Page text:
Working towards partnership in provision of services is a common
theme throughout Europe.
Delegates heard accounts of social care from countries including
Hungary, Bulgaria, the Czech Republic, the UK and Finland. All
emphasised the benefits of joint working.
“Hungary had no shelters, no day care centres and no care
services in 1998. There was no prevention and no professionalism,”
said Katalin Talyigas founder of the country’s Social Innovation
“We’ve had to learn to work together with users and volunteers,
and to work at the relationship between them and professionals. Now
for everybody, social care is an option.”
Bob Hudson, research fellow at the Nuffield Institute for
Health, told delegates that joint working was still tentative in
He said that most local authorities were still testing the
waters, using joint working strategies on a few projects to see if
they worked, before rolling it out across the board.
“Removing legal obstacles has not kick-started flexible
working,” he said. “Relatively few are doing it. To say the
Department of Health is dissatisfied with this would be an
understatement. I’d say [secretary of state for health] Mr Milburn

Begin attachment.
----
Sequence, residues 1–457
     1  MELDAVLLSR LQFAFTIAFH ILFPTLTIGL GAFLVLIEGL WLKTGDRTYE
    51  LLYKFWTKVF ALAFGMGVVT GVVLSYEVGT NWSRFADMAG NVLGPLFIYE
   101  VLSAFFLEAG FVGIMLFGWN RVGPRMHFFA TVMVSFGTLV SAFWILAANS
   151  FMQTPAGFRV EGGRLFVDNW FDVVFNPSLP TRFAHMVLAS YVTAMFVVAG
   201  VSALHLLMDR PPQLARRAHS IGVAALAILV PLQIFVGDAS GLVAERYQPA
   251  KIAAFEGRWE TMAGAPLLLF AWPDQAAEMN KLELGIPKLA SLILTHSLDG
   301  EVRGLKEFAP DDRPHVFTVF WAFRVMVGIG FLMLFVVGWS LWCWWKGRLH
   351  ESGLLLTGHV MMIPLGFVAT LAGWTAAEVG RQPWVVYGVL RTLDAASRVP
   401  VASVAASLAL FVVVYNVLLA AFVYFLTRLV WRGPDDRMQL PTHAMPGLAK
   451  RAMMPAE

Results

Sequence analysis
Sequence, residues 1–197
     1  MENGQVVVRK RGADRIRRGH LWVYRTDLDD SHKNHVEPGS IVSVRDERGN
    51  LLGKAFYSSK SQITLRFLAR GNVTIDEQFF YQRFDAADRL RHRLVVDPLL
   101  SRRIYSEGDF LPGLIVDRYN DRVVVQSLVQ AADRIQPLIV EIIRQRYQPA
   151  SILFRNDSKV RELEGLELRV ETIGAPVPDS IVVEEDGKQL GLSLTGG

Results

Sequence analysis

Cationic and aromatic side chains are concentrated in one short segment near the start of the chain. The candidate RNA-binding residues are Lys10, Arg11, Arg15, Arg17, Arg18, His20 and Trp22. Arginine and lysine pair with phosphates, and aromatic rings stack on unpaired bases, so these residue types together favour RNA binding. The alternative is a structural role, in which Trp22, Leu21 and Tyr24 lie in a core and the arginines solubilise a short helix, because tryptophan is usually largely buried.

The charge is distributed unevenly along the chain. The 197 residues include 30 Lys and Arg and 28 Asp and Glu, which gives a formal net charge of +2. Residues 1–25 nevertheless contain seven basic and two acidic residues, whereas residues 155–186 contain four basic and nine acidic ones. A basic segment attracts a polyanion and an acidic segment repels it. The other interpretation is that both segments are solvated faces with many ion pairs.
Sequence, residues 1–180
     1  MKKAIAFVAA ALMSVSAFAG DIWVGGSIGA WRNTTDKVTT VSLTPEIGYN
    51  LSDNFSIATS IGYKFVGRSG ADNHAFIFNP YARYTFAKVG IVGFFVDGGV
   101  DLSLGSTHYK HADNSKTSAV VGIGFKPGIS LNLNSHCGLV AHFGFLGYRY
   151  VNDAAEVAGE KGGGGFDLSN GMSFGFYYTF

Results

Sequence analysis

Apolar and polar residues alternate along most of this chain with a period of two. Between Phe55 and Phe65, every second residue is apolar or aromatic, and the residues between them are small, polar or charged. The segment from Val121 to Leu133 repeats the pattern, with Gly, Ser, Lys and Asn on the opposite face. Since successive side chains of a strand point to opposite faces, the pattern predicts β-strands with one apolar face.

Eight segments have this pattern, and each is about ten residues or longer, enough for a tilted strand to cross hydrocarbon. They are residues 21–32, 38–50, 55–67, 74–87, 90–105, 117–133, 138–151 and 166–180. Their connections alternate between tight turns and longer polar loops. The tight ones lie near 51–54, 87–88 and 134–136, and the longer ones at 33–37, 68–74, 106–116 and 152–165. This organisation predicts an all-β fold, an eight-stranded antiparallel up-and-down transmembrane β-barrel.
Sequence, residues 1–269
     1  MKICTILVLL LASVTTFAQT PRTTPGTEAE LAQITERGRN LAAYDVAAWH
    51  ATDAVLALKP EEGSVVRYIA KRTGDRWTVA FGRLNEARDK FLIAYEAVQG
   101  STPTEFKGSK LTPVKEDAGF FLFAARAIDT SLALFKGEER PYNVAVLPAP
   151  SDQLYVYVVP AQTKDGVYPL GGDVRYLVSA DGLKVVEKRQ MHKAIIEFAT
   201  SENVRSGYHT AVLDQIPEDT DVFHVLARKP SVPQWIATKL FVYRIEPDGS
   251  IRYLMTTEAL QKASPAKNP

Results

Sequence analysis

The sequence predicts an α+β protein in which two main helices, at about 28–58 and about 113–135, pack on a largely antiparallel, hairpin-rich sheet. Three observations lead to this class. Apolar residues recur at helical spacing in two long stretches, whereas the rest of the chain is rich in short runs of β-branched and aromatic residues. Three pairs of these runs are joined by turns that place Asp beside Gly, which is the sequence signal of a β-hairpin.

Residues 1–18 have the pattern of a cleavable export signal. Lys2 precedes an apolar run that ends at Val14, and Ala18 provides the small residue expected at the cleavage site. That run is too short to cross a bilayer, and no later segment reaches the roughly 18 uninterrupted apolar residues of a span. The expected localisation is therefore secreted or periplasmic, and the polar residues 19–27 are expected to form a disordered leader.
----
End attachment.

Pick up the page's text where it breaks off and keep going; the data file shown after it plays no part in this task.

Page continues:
is livid,” he added.
Much of Finland has had joined up health, social care and
children’s primary care services for 20 years, the director of
social services and health care in one large Finnish town said.
Juha Metso added: “In the beginning, it was a political thing to
have them together, but now it’s practical.” His town, Espoo, has
had health and social services in partnership since 1993. “The
needs of the population are so challenging that, to be successful,
we need all the partners available.”
Lilia Dimova, director of the Agency for Social Analyses in
Bulgaria, said social workers were in a difficult position in her
country and were generally mistrusted because they had to
distribute benefits. “Their position is stuck in between government
policy and people’s needs and expectations,” she said.